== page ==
Lately, Sophie has been showing some real desire to communicate. She seeks us out many times a day and moves her mouth soundlessly as if speaking while looking intently into our eyes. It's as if she's compelling us to understand. Of course the frustrating part is that we don't understand, or we are not certain if we understand correctly. We do our best to guess what she wants, but since she has been inside her own head for so long we don't really know her I'm afraid. Oh, we know she loves Thomas and fruit but she's been showing us there is way more to her than that, we are barely skimming the surface.
So the typical scenario goes like this:
Sophie comes into the kitchen, grabs my sleeve and starts "speaking". I try to gauge, by the slightest nuance of body language or where her eyes seem to be glancing what she wants to say. I ask, I prompt, but I'm at a loss. She gets increasingly more frustrated. I can't stand it and give her something I know she will like- her sippy cup, a hug, or a snack. She accepts my offering and waddles off pacified for now. I feel I missed the point.
I'm sure some (if not most) of the time we are probably more or less correct in our assumptions. If she comes into the kitchen she is probably hungry. But she could also be lonely. Or maybe too hot/cold. Or want to go pee (whole different post but it's also a major communication frustration). Or maybe she did pee and wants to be changed. Or maybe, just maybe I'm way underestimating her and she had a completely spontaneous thought which she wanted to share with me. And there I go cutting up some grapes and looking at her hopefully.
These are thoughts that are driving me crazy lately. Especially since she has been getting more frustrated in the recent weeks. On one hand I figure frustration is a good sign. After all, you need to have some ideas in your head to have the ability to be frustrated, I think. Before, Sophie was so passive she never got frustrated. She was catatonic almost. So for me, her getting frustrated is a sign of some developmental progress. On the other hand frustration is, well... frustrating. Since we don't really know the scope of her cognitive abilities, we are fumbling in the dark as to the range of things she could be frustrated about - is it merely physiological needs? Or is it more or less developmentally- appropriate toddler behaviour? Or is she so self-aware that she realizes that we are all communicating using language while she cannot? When we are talking to her we always try to get down to her level and speak to her eye-to-eye. It was puzzling to me why she would always try to put her fingers in our mouths like she was looking for something. Recently, my husband said he thinks she is trying to figure out where the voice is coming from. Which makes sense to me but I don't know how to help her.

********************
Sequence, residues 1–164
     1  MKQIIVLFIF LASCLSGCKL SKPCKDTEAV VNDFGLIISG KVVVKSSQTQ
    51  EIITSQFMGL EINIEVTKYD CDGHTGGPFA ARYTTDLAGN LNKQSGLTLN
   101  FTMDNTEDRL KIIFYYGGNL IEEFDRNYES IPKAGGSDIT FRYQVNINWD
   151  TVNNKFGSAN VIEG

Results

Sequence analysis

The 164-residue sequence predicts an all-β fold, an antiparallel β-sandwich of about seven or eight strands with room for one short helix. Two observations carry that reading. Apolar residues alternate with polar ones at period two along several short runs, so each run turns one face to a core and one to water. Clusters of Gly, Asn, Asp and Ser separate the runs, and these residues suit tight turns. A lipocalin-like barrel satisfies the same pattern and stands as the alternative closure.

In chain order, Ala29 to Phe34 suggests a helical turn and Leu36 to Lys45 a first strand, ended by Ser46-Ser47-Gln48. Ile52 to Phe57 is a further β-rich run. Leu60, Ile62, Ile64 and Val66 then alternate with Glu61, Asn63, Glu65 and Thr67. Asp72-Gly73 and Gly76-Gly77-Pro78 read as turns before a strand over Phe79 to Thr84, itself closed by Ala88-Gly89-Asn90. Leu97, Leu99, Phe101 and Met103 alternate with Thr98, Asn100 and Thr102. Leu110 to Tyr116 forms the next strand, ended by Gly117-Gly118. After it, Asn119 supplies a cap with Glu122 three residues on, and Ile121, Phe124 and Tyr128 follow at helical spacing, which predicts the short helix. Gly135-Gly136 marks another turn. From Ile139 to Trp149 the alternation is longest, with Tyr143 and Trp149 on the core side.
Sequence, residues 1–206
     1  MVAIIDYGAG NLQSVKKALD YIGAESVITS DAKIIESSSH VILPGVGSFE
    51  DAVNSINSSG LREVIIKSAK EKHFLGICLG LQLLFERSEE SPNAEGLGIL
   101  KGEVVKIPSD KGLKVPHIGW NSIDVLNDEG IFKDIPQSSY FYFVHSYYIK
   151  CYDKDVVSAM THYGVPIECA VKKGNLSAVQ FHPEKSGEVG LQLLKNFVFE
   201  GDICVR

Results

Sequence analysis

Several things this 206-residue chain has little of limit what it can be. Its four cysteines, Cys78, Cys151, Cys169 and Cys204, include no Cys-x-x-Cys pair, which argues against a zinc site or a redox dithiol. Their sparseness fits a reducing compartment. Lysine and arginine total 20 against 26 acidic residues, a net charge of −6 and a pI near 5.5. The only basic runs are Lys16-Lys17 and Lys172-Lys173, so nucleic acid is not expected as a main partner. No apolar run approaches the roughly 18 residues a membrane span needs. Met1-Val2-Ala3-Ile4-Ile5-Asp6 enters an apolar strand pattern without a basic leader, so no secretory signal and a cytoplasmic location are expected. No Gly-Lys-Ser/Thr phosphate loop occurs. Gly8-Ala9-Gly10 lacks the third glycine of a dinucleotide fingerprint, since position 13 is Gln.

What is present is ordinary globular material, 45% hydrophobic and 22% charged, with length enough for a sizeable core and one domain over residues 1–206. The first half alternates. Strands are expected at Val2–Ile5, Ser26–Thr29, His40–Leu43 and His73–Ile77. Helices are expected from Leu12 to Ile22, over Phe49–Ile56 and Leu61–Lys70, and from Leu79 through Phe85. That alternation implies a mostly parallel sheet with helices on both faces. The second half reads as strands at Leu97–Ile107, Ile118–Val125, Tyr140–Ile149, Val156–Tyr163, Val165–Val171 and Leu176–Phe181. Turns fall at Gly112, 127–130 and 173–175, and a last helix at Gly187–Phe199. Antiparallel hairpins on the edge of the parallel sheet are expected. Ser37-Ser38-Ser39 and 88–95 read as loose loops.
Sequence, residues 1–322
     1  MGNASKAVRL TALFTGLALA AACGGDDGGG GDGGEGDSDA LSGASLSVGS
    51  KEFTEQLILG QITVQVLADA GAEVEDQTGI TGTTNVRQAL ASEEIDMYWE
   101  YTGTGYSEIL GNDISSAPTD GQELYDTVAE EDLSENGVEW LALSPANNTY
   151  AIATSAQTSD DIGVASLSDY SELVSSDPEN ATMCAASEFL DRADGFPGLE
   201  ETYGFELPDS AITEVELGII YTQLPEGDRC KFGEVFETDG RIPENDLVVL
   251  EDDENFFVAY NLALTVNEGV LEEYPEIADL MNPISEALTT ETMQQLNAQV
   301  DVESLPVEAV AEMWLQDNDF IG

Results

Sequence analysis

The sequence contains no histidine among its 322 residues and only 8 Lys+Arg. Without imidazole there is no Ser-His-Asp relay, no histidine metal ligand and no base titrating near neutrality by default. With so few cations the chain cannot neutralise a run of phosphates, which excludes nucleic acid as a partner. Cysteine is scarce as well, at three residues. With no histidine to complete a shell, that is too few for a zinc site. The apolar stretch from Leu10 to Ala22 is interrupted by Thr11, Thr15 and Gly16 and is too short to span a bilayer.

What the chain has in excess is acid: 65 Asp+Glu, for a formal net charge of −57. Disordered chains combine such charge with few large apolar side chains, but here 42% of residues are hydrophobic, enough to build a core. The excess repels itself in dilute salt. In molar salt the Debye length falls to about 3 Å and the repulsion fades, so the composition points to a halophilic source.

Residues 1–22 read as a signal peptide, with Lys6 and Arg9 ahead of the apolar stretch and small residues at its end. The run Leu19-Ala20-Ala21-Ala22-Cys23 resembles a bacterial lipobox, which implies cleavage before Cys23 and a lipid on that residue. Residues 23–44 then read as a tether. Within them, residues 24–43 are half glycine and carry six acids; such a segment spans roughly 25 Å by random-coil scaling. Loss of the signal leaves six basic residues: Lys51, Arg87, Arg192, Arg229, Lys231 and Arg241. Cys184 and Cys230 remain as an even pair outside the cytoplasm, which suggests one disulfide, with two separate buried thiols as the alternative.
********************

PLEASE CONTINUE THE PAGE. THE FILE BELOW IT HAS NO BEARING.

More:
We have decided to start using the Picture Exchange Communication System (PECS) with her. Our OT was kind enough to print out some cards of highly motivating objects (mostly food-related :). We have been showing her the pictures and getting her to make choices and she seems to catch on fast. However, I'm the kind of person that likes to do things "the right way". So I've been learning about PECS so that we can teach her the way the system is designed and not end up confusing her. This website was particularly helpful as it laid down the basics organized in a sequential manner. I thought we had a bit of time to wrap our minds around this system, but given Sophie's urgency to communicate I think there is no time to waste at this point. In the next couple days I will be making a couple communication "wants" boards like in the picture. One will hang in the kitchen and will be for food and drink items and one will be in the living room and will have couple of the activities she likes to do everyday. And then we will see how it goes from there I guess.